Heart Rate Variability in Normotensive and Hypertensive Adults After a Year of Receiving Oxford/AstraZeneca COVID-19 Vaccine: A Cross-Sectional Observational Study.

Publication date: Jun 01, 2023

Background and aim Heart rate variability (HRV) helps in assessing the autonomic nervous system’s function, which has been implicated in cardiovascular disease risk. HRV has been found to be deranged in hypertension. In addition, studies have shown that COVID-19 infection and vaccination can affect HRV. However, the long-term effect of HRV on hypertension has not been explored after COVID-19 vaccination. The objective of this study was to observe the HRV in hypertensive adults after one year of receiving the Oxford/AstraZeneca COVID-19 vaccine and to compare it with normotensive adults. Methods The study included 105 normotensives (blood pressure below 120/80 mmHg) and 75 hypertensive participants who had received the Oxford/AstraZeneca COVID-19 vaccine one year prior. HRV was measured using the PowerLab system (ADInstruments) with the participants in a sitting posture. The HRV parameters assessed included the time domain, frequency domain, and nonlinear measures. Data were presented in descriptive and inferential statistical terms, and the parameters of two groups of individuals were compared by either an unpaired t-test or the Mann-Whitney U test. Results A total of 105 normotensive participants with a mean age of 42. 51 +/- 9. 28 years and 75 hypertensive participants with a mean age of 44. 24 +/- 10. 19 years comprised the sample (p=0. 24). Normotensive individuals had a higher standard deviation of RR intervals, a higher coefficient of variation of RR intervals, a higher standard deviation of heart rate, and a higher percentage of successive differences in RR intervals in the time domain. They also had higher values of very low-frequency power, low-frequency (LF) power, and high-frequency (HF) power in the frequency domain. The LF/HF ratio was not significantly different between the two groups. In nonlinear analysis, SD2, a measure of long-term heart rate variability, was higher in normotensive individuals. Conclusion The Oxford/AstraZeneca COVID-19 vaccine did not have a significant effect on HRV parameters in normotensive and hypertensive adults one year after vaccination. However, changes in HRV parameters were observed between supine and standing positions, suggesting the importance of postural changes in HRV assessment.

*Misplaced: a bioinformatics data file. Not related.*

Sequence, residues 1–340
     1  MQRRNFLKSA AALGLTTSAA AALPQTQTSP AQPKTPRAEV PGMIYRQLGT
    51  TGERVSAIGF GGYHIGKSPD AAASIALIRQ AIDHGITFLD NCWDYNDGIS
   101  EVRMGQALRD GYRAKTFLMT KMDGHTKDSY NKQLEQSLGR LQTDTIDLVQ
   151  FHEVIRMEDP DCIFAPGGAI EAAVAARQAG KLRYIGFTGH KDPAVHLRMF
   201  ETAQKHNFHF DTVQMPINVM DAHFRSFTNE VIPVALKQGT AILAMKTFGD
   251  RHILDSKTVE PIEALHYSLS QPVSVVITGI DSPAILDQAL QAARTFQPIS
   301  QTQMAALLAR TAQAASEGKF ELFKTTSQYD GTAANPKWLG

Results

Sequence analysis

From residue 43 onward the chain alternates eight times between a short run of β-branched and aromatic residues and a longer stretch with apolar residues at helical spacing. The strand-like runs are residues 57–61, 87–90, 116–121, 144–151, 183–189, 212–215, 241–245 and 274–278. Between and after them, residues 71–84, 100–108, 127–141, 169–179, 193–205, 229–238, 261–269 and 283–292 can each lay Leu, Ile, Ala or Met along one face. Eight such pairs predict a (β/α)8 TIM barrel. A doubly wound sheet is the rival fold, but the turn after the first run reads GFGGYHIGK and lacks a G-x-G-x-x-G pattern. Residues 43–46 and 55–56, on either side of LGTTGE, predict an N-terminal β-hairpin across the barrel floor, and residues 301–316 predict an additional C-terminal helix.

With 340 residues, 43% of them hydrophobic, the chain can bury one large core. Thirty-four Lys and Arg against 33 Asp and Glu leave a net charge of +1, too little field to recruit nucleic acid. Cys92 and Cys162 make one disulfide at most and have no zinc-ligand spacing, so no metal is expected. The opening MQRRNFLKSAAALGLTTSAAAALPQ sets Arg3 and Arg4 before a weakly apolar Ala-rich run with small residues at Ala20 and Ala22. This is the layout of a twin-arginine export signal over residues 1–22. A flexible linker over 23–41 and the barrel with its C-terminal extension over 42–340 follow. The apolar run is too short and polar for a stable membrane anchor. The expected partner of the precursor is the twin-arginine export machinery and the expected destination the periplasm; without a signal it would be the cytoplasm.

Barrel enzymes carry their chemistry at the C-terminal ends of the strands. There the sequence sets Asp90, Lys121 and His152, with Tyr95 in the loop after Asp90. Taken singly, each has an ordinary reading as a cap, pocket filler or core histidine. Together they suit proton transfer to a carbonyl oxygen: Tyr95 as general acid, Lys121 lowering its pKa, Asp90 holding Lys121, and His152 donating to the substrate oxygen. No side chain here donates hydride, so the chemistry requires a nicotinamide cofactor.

Concepts Keywords
Astrazeneca autonomic function
Hypertension blood pressure
Oxford covid
Vaccination covishield
heart rate variability


Type Source Name
disease VO COVID-19 vaccine
disease MESH cardiovascular disease
disease MESH hypertension
disease MESH COVID-19
disease MESH infection
disease VO vaccination
disease IDO blood
disease MESH posture
disease VO time
disease VO frequency
disease VO vaccine

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